The European Parliament on Tuesday voted its stamp of approval for the two laws-one focused on anticompetitive behavior, the other on content deemed illegal in Europe-after reaching an agreement on them with European Union member states in the spring.
Norway's Government Ends Strike After European Gas Prices Soar
The Norwegian government stepped in to end a strike that threatened to more than halve the country's gas exports, saying it was causing widespread risks to energy security.
Before the strike was halted, a benchmark for gas futures contracts in northwestern Europe rose as much as 14% to EUR172.88, or about $180, a megawatt-hour Tuesday, the highest level since March. Electricity prices across the region also rose, as many power plants run on gas.
Ben & Jerry's Sues Unilever Over Sale of Ice Cream Business in Israel
Ben & Jerry's is suing parent company Unilever PLC to block the sale of its Israeli business to a licensee, the latest twist in a rift over the ice cream maker's decision to end sales in Israeli-occupied West Bank and contested East Jerusalem.
In a complaint filed in U.S. District Court in Manhattan on Tuesday, Ben & Jerry's said Unilever's decision to sell the business in Israel last week was done without the approval of Ben & Jerry's independent board of directors.
U.A.E. Trade Provides Iran With Western Goods, From Perfume to Laptops
SHARJAH, United Arab Emirates-Workers crammed dozens of boxes into a wood-hulled dhow before it set sail from a Sharjah jetty, headed across the Persian Gulf for Iran. The cargo: a range of Western products from perfume to hair dryers and laptops.
"We are the Iranian Amazon," said the dhow's captain. "Business is booming."
Israel-Lebanon Maritime Dispute Threatens Gas-Extraction Plans
TEL AVIV-Threats from Iran-backed militant group Hezbollah could stall Israel's plan to deliver natural gas to Europe, Israeli officials said, as Israel's caretaker prime minister pursued help from France to defuse a crisis over its maritime border with Lebanon.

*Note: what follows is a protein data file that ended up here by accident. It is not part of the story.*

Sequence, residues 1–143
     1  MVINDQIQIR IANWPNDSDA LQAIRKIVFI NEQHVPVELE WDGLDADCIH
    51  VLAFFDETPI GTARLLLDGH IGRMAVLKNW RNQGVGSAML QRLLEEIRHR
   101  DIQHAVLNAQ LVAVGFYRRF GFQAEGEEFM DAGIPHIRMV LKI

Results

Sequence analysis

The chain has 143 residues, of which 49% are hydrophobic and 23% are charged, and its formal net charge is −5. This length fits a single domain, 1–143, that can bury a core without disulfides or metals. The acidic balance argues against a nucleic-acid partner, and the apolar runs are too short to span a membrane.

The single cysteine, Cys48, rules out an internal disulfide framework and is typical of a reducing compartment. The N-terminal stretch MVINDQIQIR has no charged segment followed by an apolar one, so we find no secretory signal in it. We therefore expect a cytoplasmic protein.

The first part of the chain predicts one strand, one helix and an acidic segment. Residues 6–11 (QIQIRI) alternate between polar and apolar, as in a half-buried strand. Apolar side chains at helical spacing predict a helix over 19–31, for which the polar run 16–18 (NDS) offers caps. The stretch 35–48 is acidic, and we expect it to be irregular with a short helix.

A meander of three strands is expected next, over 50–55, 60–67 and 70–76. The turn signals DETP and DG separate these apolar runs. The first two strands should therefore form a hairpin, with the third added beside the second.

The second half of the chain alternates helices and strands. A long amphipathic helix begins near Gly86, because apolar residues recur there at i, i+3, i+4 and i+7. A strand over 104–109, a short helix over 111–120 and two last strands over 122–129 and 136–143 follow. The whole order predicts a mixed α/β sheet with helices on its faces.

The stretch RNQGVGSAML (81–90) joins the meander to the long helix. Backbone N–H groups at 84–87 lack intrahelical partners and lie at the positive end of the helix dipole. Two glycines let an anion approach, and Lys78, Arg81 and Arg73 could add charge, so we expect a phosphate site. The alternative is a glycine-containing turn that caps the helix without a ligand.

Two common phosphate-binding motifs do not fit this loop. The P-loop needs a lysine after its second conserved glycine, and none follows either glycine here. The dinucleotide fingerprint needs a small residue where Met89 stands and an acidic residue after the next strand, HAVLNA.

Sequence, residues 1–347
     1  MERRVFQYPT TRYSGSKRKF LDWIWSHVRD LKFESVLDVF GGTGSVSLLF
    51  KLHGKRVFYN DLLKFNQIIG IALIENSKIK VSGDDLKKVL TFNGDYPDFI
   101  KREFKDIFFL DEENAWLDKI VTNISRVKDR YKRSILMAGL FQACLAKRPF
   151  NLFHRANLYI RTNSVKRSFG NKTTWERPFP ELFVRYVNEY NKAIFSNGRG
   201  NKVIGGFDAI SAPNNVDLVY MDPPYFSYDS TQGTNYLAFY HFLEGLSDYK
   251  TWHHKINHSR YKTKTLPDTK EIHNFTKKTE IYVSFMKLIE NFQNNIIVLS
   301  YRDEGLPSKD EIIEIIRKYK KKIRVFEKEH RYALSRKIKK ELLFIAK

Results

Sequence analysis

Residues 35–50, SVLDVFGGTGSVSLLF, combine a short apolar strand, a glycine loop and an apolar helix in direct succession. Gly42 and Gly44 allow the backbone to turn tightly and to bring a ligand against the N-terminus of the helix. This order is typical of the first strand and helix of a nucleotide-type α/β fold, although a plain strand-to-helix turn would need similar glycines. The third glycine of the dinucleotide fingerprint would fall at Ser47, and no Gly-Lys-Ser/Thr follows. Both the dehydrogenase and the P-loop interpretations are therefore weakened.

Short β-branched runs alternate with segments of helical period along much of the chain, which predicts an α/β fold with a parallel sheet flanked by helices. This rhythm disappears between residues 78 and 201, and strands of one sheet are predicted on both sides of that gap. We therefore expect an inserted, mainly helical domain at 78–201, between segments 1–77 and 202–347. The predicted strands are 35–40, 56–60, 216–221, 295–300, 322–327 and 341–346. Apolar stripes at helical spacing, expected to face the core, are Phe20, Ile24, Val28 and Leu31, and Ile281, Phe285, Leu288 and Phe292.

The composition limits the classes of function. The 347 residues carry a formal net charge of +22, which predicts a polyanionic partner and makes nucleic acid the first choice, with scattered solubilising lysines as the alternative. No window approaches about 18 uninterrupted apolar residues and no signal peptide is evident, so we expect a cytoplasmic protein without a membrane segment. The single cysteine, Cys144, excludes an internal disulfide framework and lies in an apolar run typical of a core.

The border dispute risks turning into an armed conflict after Hezbollah, the Lebanese militant and political group that has fought several conflicts with Israel, threatened to take action aimed at stopping work in the Israeli-controlled Karish gas field.
CureVac Sues BioNTech Over mRNA and Covid Vaccines. Pfizer Stock Isn't Spared.
CureVac is suing BioNTech over intellectual property rights linked to mRNA technology, putting the Covid-19 vaccine developed by Pfizer and BioNTech in the crosshairs.
CureVac (ticker: CVAC) said Tuesday that it had filed a lawsuit in the German regional court in Düsseldorf against BioNTech (BNTX) and two of its subsidiaries. The company said it is seeking fair compensation for the infringement of intellectual property rights that aided in the manufacture and sale of Comirnaty-the ubiquitous Covid-19 vaccine developed by BioNTech and Pfizer (PFE).
NATO Advances Sweden, Finland Toward Membership as Fighting Rages in Eastern Ukraine
Russian artillery pounded Sloviansk, one of Ukraine's last lines of defense to protect the remaining Kyiv-held strongholds in eastern Ukraine, while the North Atlantic Treaty Organization on Tuesday advanced plans to add Sweden and Finland to the alliance.
Vadim Lyakh, the mayor of Sloviansk, reported "massive shelling" of the city in a Facebook post and said the central market was on fire. Pavlo Kyrylenko, head of military administration in the eastern region of Donetsk, said on Telegram that at least two people died and seven were injured.
Food and Energy Inflation Spur New Social Spending Around the World
Governments around the world are rushing to cushion the blow of food and energy inflation, launching new subsidies and boosting social-spending programs to stave off unrest and hunger amid the rising cost of daily living.
The United Arab Emirates and Saudi Arabia are spending a combined nearly $13 billion to support lower-income citizens, while in Europe, governments from Germany to Greece, Spain and Portugal have in recent months announced tax rebates and energy subsidies.
Oil Prices Pulled Lower by Dimming Demand
Slowing demand and recession fears helped bring the benchmark U.S. oil price below $100 a barrel Tuesday, continuing a rapid turnaround from soaring levels in recent months.
Oil prices shot higher earlier this year as war in Ukraine disrupted supply lines and the world-wide postpandemic reopening lifted demand. That move has contributed to the persistent inflation that has gripped major economies in 2022. The growth outlook is darkening as central banks work to get inflation under control by cooling economic activity, pulling down traders' forecasts for oil demand.